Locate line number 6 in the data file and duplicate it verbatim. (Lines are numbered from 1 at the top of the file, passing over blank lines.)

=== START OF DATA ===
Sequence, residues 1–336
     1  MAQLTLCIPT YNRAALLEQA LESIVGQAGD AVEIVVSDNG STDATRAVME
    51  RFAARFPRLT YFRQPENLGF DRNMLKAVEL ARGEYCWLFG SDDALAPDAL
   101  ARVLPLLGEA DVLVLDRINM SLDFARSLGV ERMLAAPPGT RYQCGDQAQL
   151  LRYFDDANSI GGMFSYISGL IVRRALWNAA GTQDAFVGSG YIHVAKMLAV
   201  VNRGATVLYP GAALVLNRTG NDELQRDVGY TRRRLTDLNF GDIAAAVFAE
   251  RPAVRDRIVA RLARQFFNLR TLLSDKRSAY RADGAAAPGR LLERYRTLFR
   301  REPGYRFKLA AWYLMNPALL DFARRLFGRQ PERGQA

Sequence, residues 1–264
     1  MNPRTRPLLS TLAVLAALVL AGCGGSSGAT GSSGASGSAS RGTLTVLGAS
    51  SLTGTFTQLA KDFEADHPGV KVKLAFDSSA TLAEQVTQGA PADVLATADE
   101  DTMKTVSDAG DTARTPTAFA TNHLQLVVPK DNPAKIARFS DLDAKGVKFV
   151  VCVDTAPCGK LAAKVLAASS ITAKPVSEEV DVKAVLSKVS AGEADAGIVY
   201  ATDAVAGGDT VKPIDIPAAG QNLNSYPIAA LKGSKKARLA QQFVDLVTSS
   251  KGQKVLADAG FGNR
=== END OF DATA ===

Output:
   201  VNRGATVLYP GAALVLNRTG NDELQRDVGY TRRRLTDLNF GDIAAAVFAE